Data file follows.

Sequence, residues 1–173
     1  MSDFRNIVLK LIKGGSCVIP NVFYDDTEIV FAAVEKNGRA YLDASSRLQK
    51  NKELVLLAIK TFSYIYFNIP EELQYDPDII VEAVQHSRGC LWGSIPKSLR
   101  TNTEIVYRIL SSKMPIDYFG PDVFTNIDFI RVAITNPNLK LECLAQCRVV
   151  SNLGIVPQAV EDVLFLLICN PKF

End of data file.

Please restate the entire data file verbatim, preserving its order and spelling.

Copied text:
Sequence, residues 1–173
     1  MSDFRNIVLK LIKGGSCVIP NVFYDDTEIV FAAVEKNGRA YLDASSRLQK
    51  NKELVLLAIK TFSYIYFNIP EELQYDPDII VEAVQHSRGC LWGSIPKSLR
   101  TNTEIVYRIL SSKMPIDYFG PDVFTNIDFI RVAITNPNLK LECLAQCRVV
   151  SNLGIVPQAV EDVLFLLICN PKF